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Math Help - Solving Quadratic Equations

  1. #1
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    Smile Solving Quadratic Equations

    Example 3: When a football is kicked with a vertical speed of 20m/s, its height, h metres, after t seconds is given by the formula:

    h=20t-5t^2

    How long after the kick is the football at a height of 15m?

    Solution
    Substitute 15 for h in the formula:

    15=20t-5t^2

    This produces a quadratic equation. The solution of the equation gives the times when the height is 15m.

    Collect all the terms on one side of the equation.

    5t^2-20t+15=0
    5(t^2-4t+3)=0
    t^2-4t+3=0
    (t-1)(t-3)=0
    Either
    t-1 = 0
    t=1
    or
    t-3=0
    t=3
    The football is at a height of 15m twice: first on the way up, 1 s after the kick, then on the way down, 3 s after the kick.
    So I got this question:

    A baseball is hit with a vertical speed of 31.3m/s. Use the formula in the modelling box following Example 3. How long after being hit is the ball at a height of 25m? Give your answer to 1 decimal place.

    How exactly do I form the equation? I got it but I don't think I'm on the right track. Thanks a bunch.
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  2. #2
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    Quote Originally Posted by nathan02079 View Post
    So I got this question:

    A baseball is hit with a vertical speed of 31.3m/s. Use the formula in the modelling box following Example 3. How long after being hit is the ball at a height of 25m? Give your answer to 1 decimal place.

    How exactly do I form the equation? I got it but I don't think I'm on the right track. Thanks a bunch.
    Taking the upwards direction as positive and taking the acceleration due to gravity to be -10 m/s^2 and ignoring things such as air resistance etc. then:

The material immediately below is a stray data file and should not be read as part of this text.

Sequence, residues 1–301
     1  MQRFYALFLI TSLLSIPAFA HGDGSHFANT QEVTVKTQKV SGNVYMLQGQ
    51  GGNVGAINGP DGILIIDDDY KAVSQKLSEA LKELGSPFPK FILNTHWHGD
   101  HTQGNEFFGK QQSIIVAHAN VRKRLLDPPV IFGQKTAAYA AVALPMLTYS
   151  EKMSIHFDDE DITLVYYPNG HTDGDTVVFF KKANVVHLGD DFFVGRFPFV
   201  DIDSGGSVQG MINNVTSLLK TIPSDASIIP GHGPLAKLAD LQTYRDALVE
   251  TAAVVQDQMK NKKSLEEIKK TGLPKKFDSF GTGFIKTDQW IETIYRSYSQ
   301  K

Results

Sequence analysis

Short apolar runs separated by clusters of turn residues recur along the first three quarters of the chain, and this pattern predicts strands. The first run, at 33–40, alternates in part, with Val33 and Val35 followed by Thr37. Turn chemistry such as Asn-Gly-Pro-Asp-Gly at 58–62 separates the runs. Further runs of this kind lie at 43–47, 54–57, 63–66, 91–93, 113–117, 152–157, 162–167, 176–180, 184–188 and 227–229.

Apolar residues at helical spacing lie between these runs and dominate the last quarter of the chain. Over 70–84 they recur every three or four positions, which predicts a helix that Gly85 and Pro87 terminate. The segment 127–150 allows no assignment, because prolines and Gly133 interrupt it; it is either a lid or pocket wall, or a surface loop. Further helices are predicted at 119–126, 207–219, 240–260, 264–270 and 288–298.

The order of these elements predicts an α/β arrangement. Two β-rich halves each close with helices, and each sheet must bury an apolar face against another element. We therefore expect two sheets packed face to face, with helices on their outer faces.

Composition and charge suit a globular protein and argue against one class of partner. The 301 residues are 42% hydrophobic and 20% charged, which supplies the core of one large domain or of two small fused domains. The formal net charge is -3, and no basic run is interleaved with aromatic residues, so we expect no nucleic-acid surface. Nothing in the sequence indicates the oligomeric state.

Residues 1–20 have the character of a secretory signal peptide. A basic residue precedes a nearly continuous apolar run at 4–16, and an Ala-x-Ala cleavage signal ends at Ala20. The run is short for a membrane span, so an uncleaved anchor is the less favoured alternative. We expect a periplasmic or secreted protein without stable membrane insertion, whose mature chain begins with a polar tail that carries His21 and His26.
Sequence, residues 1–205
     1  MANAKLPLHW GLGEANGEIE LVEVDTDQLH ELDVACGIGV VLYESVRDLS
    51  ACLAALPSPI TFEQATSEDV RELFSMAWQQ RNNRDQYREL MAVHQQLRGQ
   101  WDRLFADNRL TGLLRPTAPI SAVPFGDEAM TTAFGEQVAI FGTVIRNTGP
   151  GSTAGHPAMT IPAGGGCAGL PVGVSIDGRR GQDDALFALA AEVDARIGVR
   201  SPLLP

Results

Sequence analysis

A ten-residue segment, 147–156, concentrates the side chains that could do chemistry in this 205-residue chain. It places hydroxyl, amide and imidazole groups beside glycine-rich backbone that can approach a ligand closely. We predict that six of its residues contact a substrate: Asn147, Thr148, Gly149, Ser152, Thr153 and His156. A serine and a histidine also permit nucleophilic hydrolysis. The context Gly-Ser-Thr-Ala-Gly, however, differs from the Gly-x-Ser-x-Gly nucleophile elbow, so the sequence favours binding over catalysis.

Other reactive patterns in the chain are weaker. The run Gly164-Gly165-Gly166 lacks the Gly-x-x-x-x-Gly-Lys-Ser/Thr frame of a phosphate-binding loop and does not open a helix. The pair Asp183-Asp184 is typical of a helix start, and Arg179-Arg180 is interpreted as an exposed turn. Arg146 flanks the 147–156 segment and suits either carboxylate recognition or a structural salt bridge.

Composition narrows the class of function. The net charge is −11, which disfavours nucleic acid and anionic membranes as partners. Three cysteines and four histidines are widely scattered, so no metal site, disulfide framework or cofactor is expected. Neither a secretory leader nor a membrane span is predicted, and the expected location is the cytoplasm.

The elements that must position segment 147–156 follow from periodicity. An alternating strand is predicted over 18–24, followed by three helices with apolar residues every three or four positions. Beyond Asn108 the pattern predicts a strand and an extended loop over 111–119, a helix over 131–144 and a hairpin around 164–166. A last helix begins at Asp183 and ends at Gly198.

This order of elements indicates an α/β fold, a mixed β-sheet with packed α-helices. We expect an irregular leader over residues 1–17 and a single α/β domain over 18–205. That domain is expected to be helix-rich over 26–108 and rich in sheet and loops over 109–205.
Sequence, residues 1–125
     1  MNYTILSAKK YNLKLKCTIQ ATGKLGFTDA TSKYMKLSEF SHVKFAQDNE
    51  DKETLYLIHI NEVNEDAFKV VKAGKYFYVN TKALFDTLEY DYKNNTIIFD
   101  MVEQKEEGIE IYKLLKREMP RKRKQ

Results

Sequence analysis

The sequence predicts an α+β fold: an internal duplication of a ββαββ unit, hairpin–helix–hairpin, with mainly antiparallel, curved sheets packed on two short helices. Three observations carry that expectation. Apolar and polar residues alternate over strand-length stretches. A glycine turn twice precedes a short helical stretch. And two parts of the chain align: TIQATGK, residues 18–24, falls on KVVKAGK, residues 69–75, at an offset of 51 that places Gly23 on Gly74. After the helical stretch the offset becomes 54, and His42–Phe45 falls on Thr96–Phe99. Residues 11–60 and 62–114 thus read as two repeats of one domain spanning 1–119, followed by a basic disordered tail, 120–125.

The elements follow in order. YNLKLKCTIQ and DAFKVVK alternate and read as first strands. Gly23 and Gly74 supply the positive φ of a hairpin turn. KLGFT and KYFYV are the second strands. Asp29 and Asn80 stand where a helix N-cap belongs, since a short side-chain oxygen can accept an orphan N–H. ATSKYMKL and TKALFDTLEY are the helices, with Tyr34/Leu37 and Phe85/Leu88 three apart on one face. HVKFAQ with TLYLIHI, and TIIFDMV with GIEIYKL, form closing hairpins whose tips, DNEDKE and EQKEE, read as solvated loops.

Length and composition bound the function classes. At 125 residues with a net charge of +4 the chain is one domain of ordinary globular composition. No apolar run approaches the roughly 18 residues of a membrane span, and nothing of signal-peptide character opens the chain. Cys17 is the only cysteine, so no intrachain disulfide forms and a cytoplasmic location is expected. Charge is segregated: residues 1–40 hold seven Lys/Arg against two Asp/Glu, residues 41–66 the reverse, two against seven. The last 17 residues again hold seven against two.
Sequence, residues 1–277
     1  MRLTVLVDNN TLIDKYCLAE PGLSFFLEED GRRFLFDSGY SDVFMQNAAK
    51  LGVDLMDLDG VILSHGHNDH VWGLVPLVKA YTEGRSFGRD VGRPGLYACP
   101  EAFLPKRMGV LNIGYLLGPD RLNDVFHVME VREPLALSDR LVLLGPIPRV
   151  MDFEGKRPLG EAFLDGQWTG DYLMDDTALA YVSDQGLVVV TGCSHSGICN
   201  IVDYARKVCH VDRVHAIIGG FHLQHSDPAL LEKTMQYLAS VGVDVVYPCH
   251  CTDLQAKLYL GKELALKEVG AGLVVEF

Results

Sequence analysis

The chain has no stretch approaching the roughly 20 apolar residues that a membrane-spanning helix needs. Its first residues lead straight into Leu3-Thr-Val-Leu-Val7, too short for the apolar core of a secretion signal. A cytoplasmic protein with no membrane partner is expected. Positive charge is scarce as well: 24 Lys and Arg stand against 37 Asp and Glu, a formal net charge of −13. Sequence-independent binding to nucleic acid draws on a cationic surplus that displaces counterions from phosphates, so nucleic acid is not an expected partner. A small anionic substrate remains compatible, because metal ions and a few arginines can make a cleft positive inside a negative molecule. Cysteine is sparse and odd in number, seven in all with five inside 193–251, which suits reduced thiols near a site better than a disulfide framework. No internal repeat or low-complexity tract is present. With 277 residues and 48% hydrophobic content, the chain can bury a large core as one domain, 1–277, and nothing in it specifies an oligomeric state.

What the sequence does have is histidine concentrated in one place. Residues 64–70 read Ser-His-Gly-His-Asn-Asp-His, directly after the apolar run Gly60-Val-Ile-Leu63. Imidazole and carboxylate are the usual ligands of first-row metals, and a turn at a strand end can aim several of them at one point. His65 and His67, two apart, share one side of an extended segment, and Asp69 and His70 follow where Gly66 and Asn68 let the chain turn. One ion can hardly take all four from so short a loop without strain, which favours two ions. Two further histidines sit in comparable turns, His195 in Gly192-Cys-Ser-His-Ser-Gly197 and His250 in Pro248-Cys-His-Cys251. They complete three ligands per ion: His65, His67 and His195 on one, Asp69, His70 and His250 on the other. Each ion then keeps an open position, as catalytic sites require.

Let an object have an initial vertical speed of u m/s. Then h = ut - 5t^2.
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  3. #3
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    Thanks so far...
    so u is the initial verticle speed
    so

    25=ut-5t^2
    5t^2-ut+25=0

    Am I on the right direction here? So what next...
    do I use the formula (a+b)^2=a^2+2ab+b^2?
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  4. #4
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    Quote Originally Posted by nathan02079 View Post
    Thanks so far...
    so u is the initial verticle speed
    so

    25=ut-5t^2
    5t^2-ut+25=0

    Am I on the right direction here? So what next...
    do I use the formula (a+b)^2=a^2+2ab+b^2?
    What next? What next indeed. What next is you CAREFULLY read the question! Which I believe is
    Quote Originally Posted by nathan02079 View Post
    So I got this question:

    A baseball is hit with a vertical speed of 31.3m/s. Use the formula in the modelling box following Example 3. How long after being hit is the ball at a height of 25m? Give your answer to 1 decimal place.
    To make things a little easier I've redded the important bits.

    Substitute u = 31.3 (NOT 25). Substitute h = 25. Solve the resulting quadratic equation (it won't factorise in the nice way your example did. I suggest using the quadratic formula or using a graphics calculator)
    Last edited by mr fantastic; January 7th 2008 at 08:13 PM.
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  5. #5
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    So
    t^2-\frac{ut}{5}+5=0
    (t^2-2t\frac{u}{10}+\frac{u^2}{10})-\frac{u^2}{10}+5=0
    (t-\frac{u}{10})^2-\frac{u^2}{10}+5=0

    then...

    t-\frac{u}{10}=\pm\sqrt{\frac{u^2}{10}+5}

    right?

    EDIT: Your edit helped me a whole lot...thanks. Solved it now! =)
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  6. #6
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    Quote Originally Posted by nathan02079 View Post
    So
    t^2-\frac{ut}{5}+5=0
    (t^2-2t\frac{u}{10}+\frac{u^2}{10})-\frac{u^2}{10}+5=0